Happy Thanksgiving to all our colleague, clients and friends!
There are many things to be thankful for this year. We have just marked our 10 year Anniversary this month, which we will commemorate over the coming year with a few planned events and a series of articles looking at the changes in the IP marketplace over the last decade. As I look back to the last year and decade, I am most thankful for the people who have been part of the Foresight journey: our team members, clients, advisors and affiliates. It has been a fun ride!
In today's newsletter, we continue our investigation of Unicorns and their IP positions, and investigate
the WeWork story
, in an attempt to answer the question: is WeWork a technology company? Our blog story this month examines another current event - the United States Court of Appeals for the Federal Circuit's opinion in
Arthrex, Inc., v. Smith & Nephew, Inc
. on whether the appointment of the Patent Trial and Appeal Board's Administrative Patent Judges violates the U.S. Constitution. We also highlight some stories from our Twitter feed this month, keeping you up to date on everything IP, from trademarks in fashion to patent litigation.
As the year is drawing to a close, I hope we can see many of you in person at the LES Silicon Valley's chapter "IP Year in Review" event on December 11th. See the
section for more details!
article we published in November 2015
, we documented the findings of a study of Unicorns (startups with valuations of over $1 billion) and their patent holdings. In that study, we discovered that over 60% of Unicorns held immaterial patent portfolios (10 assets or less). We have subsequently concluded that these Unicorns are likely to fill the gap in their patent holdings through organic filing and patent acquisitions, as they approach an exit event or as they enter a major new market.
Fast forward to October 2019, and WeWork, a member of our Unicorn "Class of 2015", has been in the news under very unpleasant circumstances. The WeWork planned IPO was called off in October 2019, after questions emerged related to, among other things, the viability of the company's business model following financial and operating disclosures included in
its S-1 filing with the SEC
. This led to a series of events where, eventually, SoftBank acquired a controlling interest in the company
at a valuation of $8 billion
, a fraction of its most recent valuation of $47 billion, while in the process removing Adam Neumann, the company's co-founder and CEO, and buying out his shares.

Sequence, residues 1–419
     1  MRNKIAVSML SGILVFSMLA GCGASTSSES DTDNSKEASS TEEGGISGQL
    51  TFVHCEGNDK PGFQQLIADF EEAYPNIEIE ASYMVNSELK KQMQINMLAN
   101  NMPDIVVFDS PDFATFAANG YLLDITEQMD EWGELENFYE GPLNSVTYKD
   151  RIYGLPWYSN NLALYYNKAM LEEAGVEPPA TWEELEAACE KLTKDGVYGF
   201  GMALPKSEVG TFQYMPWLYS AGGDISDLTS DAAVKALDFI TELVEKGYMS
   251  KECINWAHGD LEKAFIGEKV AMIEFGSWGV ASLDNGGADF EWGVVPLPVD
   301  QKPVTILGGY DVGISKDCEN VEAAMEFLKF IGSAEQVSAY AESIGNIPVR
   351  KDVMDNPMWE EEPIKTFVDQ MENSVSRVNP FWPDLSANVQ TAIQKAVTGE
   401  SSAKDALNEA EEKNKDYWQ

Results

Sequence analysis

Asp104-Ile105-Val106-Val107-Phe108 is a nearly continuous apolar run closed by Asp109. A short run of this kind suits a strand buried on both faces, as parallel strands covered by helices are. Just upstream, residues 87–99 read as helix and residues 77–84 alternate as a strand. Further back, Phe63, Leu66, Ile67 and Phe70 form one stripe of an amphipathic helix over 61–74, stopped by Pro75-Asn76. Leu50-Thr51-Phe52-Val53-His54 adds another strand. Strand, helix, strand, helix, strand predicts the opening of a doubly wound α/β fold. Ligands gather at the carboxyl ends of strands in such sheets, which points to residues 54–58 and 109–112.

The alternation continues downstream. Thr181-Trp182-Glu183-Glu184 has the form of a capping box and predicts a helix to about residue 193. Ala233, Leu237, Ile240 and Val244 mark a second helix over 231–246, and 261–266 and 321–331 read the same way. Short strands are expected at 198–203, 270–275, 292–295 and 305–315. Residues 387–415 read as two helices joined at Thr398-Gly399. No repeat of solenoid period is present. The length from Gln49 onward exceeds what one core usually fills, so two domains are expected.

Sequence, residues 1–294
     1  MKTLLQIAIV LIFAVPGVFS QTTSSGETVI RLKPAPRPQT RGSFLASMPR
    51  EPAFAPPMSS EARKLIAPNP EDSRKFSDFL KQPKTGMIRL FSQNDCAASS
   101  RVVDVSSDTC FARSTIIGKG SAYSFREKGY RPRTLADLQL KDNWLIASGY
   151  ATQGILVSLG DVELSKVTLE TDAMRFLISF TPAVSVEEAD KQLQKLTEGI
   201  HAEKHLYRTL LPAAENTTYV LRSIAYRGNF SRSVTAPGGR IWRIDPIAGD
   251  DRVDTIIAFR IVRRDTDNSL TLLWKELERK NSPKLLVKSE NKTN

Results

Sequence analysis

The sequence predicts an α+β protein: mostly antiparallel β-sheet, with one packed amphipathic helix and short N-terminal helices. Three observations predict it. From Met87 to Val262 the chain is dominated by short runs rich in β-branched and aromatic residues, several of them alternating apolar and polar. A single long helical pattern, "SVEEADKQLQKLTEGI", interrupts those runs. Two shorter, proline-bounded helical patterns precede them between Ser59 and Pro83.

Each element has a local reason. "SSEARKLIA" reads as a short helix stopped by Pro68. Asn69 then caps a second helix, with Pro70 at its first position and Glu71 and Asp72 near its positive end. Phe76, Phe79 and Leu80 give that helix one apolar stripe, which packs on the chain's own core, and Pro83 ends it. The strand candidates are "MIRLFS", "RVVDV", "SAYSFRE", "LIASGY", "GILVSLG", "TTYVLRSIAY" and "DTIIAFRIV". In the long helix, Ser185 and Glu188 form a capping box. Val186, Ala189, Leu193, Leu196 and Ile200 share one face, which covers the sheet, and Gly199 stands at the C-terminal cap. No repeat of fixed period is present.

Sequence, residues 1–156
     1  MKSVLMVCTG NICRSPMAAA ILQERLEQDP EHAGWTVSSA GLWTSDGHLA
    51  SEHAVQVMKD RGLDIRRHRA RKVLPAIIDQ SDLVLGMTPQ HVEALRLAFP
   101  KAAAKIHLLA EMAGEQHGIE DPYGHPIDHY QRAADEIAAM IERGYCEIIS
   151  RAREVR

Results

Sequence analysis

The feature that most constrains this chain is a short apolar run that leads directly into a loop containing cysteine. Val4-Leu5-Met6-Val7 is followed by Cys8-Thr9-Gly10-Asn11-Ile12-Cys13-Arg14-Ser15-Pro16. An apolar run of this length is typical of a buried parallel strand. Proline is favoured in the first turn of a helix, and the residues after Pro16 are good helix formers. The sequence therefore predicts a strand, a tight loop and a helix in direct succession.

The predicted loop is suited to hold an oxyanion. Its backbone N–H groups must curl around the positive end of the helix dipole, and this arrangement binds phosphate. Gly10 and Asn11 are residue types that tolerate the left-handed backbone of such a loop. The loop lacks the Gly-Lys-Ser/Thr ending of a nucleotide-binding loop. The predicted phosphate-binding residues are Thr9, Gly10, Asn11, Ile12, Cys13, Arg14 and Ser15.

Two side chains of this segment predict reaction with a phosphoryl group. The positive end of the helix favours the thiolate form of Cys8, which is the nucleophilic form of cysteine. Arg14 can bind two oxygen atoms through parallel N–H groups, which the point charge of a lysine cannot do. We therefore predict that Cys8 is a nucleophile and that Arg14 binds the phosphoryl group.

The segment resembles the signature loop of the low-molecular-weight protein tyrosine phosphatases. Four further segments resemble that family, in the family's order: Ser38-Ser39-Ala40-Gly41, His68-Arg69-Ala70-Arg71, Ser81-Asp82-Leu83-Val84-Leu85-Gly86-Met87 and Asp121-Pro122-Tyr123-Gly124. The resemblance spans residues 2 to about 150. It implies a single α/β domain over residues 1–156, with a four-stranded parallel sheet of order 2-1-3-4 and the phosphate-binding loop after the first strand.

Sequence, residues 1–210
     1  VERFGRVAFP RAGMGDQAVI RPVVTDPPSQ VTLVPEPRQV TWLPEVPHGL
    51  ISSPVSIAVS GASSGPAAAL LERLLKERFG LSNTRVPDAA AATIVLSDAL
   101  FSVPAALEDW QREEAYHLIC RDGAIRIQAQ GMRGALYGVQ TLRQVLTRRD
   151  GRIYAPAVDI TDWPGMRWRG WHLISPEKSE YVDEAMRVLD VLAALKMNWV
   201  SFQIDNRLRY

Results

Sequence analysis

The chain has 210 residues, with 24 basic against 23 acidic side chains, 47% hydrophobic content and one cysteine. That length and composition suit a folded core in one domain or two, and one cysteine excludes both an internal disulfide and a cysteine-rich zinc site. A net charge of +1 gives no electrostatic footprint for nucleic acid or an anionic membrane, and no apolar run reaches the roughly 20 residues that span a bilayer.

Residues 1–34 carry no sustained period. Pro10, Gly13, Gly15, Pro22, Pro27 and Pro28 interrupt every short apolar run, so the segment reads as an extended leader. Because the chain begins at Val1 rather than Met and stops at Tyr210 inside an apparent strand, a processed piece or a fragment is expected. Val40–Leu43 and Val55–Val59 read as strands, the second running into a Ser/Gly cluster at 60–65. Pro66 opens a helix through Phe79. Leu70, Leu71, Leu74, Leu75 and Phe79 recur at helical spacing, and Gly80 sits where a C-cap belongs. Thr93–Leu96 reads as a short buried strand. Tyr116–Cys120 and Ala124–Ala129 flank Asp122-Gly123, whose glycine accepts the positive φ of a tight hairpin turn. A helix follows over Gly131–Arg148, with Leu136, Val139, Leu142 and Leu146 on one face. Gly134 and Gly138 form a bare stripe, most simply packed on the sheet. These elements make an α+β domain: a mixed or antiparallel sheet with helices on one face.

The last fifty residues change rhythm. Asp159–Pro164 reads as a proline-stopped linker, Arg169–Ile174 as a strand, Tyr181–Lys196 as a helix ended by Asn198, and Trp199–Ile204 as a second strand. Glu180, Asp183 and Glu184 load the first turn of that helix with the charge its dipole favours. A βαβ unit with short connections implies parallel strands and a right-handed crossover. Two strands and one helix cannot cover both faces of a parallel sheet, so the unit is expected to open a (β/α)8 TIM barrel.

While WeWork did not engage in any significant patent filing or buying, unlike Uber or some of its other peer Unicorns from the "Class of 2015" study, there is a very interesting IP angle to the WeWork story. Much of the company's marketing communications activities have been dedicated to portraying it as a "technology company." As a matter of fact, the company describes itself in its S-1 filing as follows: "We provide our members with flexible access to beautiful spaces, a culture of inclusivity and the energy of an inspired community, all connected by our extensive technology infrastructure." In the startup world, association with technology leads to higher valuation multiples and considerable interest from investors (particularly if you are a player in a "low-tech" industry such as commercial real estate). In our most recent article, we set out to explore whether WeWork is truly a technology company, what types of IP assets it holds, and how these assets have played a role in its valuation before and after its failed attempt at an IPO.
IP News Digest
Are brands at a loss for words? That is a question that has been permeating media and legal circles, alike, over the past couple of years, in particular, as a result of the continuing rise in the number of trademark registrations being granted every year by trademark bodies across the globe.
Cupertino tech giant Apple is suing SoftBank owned Fortress Investment Group for patent stockpiling. The company is joined by Intel Corporation in a lawsuit filed on Wednesday. Apple claims that Fortress and its subsidiaries are responsible for hoarding patents simply for the purpose of suing tech firms. Intel, for its part, had filed an earlier lawsuit with similar claims against Fortress, but it has now withdrawn the suit and joined forces with Apple.
Drug manufacturers are often extorted by patent trolls and trial lawyers, but now they also have to worry about frivolous infringement lawsuits by the Trump Administration. The Justice Department last week sued Gilead Sciences for violating four government patents related to a "pre-exposure
" (PrEP) drug regimen to prevent HIV.
Universities upset at businesses that rip off their patented technologies often face a tough decision about whether to spend money on litigation that could be going to fund education.
Fortunately, schools are finding there are other options.
The U.S. Patent and Trademark Office argues that Booking.com is a generic mark that cannot be registered with the PTO, because it would discourage other booking services from using "booking" as part of their domain names.
When: March 15-18, 2020
Where: Dallas, Texas